Ferry foot traffic resumes but Delaware on quarantine list

Gov. Carney questions NJ, NY, CT decision
July 10, 2020

The Cape May-Lewes Ferry resumed service for foot traffic crossing the Delaware Bay July 7 – the same day New Jersey, New York and Connecticut put Delaware on a quarantine list.

Gov. John Carney questioned why Delaware was placed on the quarantine list when Delaware's percent of positive COVID-19 test results was in the single digits compared to double-digit statistics for the other states listed.

“I don't believe we belong in that category,” he said, adding he intended to talk to the governors of New Jersey, New York and Connecticut about why Delaware is on the quarantine list. “We're not in the same ballpark as the other states there. I don't think we should be singled out, certainly not by our partners in the region that we've tried to help when they needed our help.”

On July 8, the city of Philadelphia included Delaware on its quarantine list; however, the state of Pennsylvania does not have Delaware on its quarantine list.

While Delaware's percent positive rate is about 6 percent, other states on the quarantine list are much higher. Arizona has a 25 percent positive rate, Florida about 19 percent, South Carolina 16 percent, and Texas 14 percent.

“I think you could conclude that we don't belong in the same category,” Carney said.

Under the 14-day quarantine travel advisory announced by the governors of New Jersey, New York and Connecticut, and posted on the Cape May-Lewes Ferry website, individuals traveling to or returning from states with increasing rates of COVID-19 are advised to self-quarantine for 14 days. This includes travel by train, bus, car, plane and any other method of transportation.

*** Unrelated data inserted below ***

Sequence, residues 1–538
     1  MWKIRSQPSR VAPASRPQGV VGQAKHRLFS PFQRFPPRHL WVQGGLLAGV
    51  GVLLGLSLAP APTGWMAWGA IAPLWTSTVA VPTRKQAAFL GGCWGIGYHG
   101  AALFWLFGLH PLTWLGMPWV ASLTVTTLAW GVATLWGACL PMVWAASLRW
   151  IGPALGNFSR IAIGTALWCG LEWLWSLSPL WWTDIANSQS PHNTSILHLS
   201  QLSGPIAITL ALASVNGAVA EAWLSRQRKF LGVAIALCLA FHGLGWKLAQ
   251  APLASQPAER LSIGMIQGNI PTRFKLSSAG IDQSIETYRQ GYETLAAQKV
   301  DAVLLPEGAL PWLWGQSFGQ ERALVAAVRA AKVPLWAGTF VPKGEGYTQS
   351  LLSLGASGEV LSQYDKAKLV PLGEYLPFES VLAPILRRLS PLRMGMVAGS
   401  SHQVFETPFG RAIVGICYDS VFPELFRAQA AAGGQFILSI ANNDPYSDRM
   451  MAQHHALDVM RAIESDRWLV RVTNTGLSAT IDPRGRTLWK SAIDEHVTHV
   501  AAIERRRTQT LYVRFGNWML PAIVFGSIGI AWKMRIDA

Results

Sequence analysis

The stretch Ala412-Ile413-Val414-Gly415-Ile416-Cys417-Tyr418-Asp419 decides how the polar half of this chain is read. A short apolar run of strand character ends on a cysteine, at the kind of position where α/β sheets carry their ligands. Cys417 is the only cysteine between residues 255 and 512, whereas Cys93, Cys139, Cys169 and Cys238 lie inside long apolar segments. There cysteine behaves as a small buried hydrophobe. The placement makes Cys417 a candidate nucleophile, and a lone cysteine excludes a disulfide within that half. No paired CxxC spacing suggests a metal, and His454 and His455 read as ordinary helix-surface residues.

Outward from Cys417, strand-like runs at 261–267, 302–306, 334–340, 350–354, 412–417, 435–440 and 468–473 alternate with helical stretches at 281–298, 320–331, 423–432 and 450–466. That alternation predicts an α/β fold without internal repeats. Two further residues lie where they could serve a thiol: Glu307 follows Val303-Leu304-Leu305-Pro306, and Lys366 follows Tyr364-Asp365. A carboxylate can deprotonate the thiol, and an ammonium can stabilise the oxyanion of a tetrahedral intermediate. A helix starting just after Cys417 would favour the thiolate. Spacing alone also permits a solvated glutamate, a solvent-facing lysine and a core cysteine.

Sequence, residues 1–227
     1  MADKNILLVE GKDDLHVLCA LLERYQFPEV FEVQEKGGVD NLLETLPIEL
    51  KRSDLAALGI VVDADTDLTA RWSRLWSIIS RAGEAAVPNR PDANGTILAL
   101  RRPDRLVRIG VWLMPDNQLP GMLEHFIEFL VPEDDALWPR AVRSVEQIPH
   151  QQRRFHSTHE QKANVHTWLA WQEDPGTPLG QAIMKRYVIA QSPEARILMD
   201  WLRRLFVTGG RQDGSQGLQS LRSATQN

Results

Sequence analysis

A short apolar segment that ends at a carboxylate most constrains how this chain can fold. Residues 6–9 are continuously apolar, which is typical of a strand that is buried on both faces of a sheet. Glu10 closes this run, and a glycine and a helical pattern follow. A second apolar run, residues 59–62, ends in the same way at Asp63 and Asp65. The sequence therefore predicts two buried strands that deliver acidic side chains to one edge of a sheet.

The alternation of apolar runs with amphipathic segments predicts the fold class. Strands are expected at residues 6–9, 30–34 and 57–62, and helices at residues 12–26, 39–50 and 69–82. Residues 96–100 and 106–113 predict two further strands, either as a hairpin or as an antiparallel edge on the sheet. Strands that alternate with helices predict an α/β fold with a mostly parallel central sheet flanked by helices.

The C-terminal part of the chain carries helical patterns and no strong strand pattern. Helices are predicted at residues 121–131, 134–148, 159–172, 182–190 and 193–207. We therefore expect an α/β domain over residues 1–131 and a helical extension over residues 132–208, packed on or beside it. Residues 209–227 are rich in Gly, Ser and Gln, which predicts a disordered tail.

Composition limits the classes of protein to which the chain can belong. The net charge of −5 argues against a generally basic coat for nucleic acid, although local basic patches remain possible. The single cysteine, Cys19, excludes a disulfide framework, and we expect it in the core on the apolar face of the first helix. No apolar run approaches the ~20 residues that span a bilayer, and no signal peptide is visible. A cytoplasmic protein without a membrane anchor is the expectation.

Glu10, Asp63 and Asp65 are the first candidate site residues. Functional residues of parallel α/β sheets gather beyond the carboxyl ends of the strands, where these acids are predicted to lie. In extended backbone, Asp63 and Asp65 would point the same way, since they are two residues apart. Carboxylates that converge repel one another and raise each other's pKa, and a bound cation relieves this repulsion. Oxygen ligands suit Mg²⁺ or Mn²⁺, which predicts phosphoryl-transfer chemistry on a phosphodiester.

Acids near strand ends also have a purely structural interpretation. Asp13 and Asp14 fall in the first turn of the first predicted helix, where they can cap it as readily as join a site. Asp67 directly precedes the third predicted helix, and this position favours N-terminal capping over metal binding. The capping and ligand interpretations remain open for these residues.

The 14-day quarantine travel advisory applies to travel from certain states identified as those that have a positive COVID-19 test rate higher than 10 per 100,000 residents or have a 10 percent or higher positivity rate over a seven-day rolling average.

Based on July 7 statistics, Delaware had 12,462 total positive cases – a rate of 130 per 10,000. The percentage of positive cases averaged 6.2, even though the number of new cases was 22, and the hospitalization and critical care numbers are at all-time lows. There are 57 hospitalizations with 11 in critical care – a number not seen since March.

In Sussex County, the number of positives has spiked since early June when an outbreak was reported in Dewey Beach and Rehoboth Beach associated with teens celebrating senior week. The 19971 ZIP code is now the COVID-19 hotspot for the state, largely driving up the state's total percent positive rate.

Dr. Karyl Rattay, Division of Public Health director, said in the beach area, there have been more than 4,000 tests done with 264 positives for a 6.3 percent positive rate.

“We were able to identify a number of positive cases in the beach area and take the mitigation approaches that are necessary to address this situation,” she said.

Many of the 264 positives were asymptomatic, she said, but those people should still isolate to prevent the spread of COVID-19. No COVID-19-related death has been reported in Sussex County since June 22.

Following the beach COVID-19 spike, Carney shut down bar seating in beach towns, requiring table service only. Although the state has also used hospitalizations and number of critically ill to guide its economic reopening, Carney said the percentage of positives is an important metric to prevent an increase in the number of people hospitalized or those who need critical care.

Carney said he wants to be cautious and not go backward.

“Once you flatten the curve, you want to make sure it stays flat and you don't get another surge like some of these other states have seen,” he said.


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